Get ready to swoon over the Victorian charm of the “10 Things I Hate About You” house with an estimated home value of $2.25 million. Lovers of this Pacific Northwest gem near Seattle, Washington, would need $9,335 a month to rent it or $13,537 a month for the mortgage. With an annual income of $541,480 required, living here will have you saying, “I hate how much I love this house,” in true Kat Stratford fashion.

Cameron’s Modernist Home in “Ferris Bueller’s Day Off”

photo of Cameron Frye's modernist home in “Ferris Bueller's Day Off”
Image Credit: Wikimedia Commons
  • Location: 370 Beech St, Highland Park, IL
  • Zillow Estimated Home Value: $1,605,500
  • Estimated Monthly Mortgage Payment: $9,694
  • Estimated Annual Income Needed: $387,760

Step into the world of Ferris Bueller with Cameron’s modernist masterpiece outside of Chicago, now valued at over $1.6 million on Zillow. This sleek home, where the red Ferrari took its infamous dive, offers a blend of cinematic history and architectural brilliance. With an estimated monthly mortgage payment of $9,694 and an annual income of $387,760 needed, living here means you can relive Ferris’s day off in style.

Max & Dani’s House in “Hocus Pocus”

  • Location: 4 Ocean Ave, Salem, MA
  • Zillow Estimated Home Value: $628,700
  • Rent Zestimate®: $3,499
  • Estimated Monthly Mortgage Payment: $3,721
  • Estimated Annual Income Needed: $148,840

We’re all spellbound by Max and Dani’s charming Salem, MA house in “Hocus Pocus,” currently valued at $628,700. This enchanting, 1,305-square-foot home, where the Sanderson sisters ran amok, rents for $3,499 a month, and you’d need an annual household income of $148,840 to afford its monthly mortgage payment.

The Byers House in “Stranger Things”

  • Location: 149 Coastline Rd, Fayetteville, GA
  • Zillow Home Price: $400,000
  • Estimated Monthly Mortgage Payment: $2,464
  • Estimated Annual Income Needed: $98,560

There’s no creepier house than the Byers home in “Stranger Things,” a portal to “the Upside Down.” Although the show is set in Indiana, the actual home is located in Fayetteville, Georgia, and last sold in 2022 for $400,000. With an estimated monthly mortgage payment of $2,464, you’d need an annual income of $98,560 to live in this piece of TV history. Perfect for fans who want to feel like they’re part of Hawkins, Indiana — minus the Demogorgons!

“Breaking Bad” House

photo of Walter White’s house from “Breaking Bad” in Albuquerque, NM
Image Credit: JRJfin/Shutterstock.com
  • Location: 3828 Piermont Dr NE, Albuquerque, NM
  • Zillow Estimated Home Value: $352,300
  • Estimated Monthly Mortgage Payment: $2,179
  • Estimated Annual Income Needed: $87,160

Walter White’s notorious New Mexico home in “Breaking Bad” is currently worth $352,300, according to Zillow. Fans who want to live like Heisenberg (minus the blue crystal) would need to pay $2,179 per month for the mortgage and have an annual income of $87,160 to afford the residence.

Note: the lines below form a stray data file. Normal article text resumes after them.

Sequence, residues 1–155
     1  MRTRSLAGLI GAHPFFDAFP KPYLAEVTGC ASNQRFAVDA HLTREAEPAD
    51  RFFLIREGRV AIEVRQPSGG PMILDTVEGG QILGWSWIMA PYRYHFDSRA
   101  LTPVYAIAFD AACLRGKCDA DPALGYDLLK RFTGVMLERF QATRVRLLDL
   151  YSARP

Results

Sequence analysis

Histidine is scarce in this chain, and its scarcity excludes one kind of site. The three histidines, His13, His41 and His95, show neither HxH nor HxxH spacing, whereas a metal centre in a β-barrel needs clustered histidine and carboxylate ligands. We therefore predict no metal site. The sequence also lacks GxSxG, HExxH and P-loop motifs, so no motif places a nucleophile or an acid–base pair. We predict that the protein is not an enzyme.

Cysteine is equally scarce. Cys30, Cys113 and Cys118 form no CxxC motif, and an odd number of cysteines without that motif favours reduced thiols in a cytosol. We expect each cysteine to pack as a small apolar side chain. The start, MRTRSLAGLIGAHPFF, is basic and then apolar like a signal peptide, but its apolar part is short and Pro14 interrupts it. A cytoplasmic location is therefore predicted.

Full Dataset

Check out the interactive data table below to explore all 20 famous TV and movie homes and the salaries needed to afford them!

Closing Thoughts

So, there you have it — the lowdown on what it takes to live in some of TV and movie history’s most iconic homes. Whether you’re dreaming of living like a Corleone or just want a taste of the Upside Down, one thing’s clear: you’ll need a blockbuster salary to match. 

“Clearly, many of the houses featured in some of the most famous films and shows are out of reach for most Americans,” says Erica Sandberg, consumer finance expert with CardRates.com. “And who doesn’t want to jump into the pool at the Hearst Estate? But when you’re in the market for a home of your own, it’s always best to be realistic with what you can truly afford.” 

Ready to start saving, or will you just keep dreaming from the comfort of your couch? Either way, it’s fun to imagine!

Before you start planning your move, remember that smart financial planning is key to achieving any dream home. For more tips on managing your money and building the credit you need to afford these iconic residences, check out our educational guides.

Methodology 

We created a list of the most famous TV and movie homes using House Beautiful, Ranker, and Business Insider. Using Zillow listings data, we pulled the Zestimate (Zillow’s estimated home value) for each home. Using Bankrate’s mortgage calculator, we calculated the estimated monthly mortgage payment for each, including the principal plus interest, homeowner’s insurance, and property taxes. The mortgage rate assumes a standard 20% down payment, a 30-year fixed loan, and the current interest rate as of June 2024, according to the Federal Reserve Bank of St. Louis (FRED).

Using the standard rule that monthly mortgage payments should account for no more than 30% of monthly income, we then calculated the annual household income needed to afford each famous home. Zestimates were collected for all homes except the “Mean Girls” mansion, the “Home Alone” house, and the “Full House” home. For these properties, list prices were used because they are currently on the market or pending sale. The data for this study was collected in June of 2024.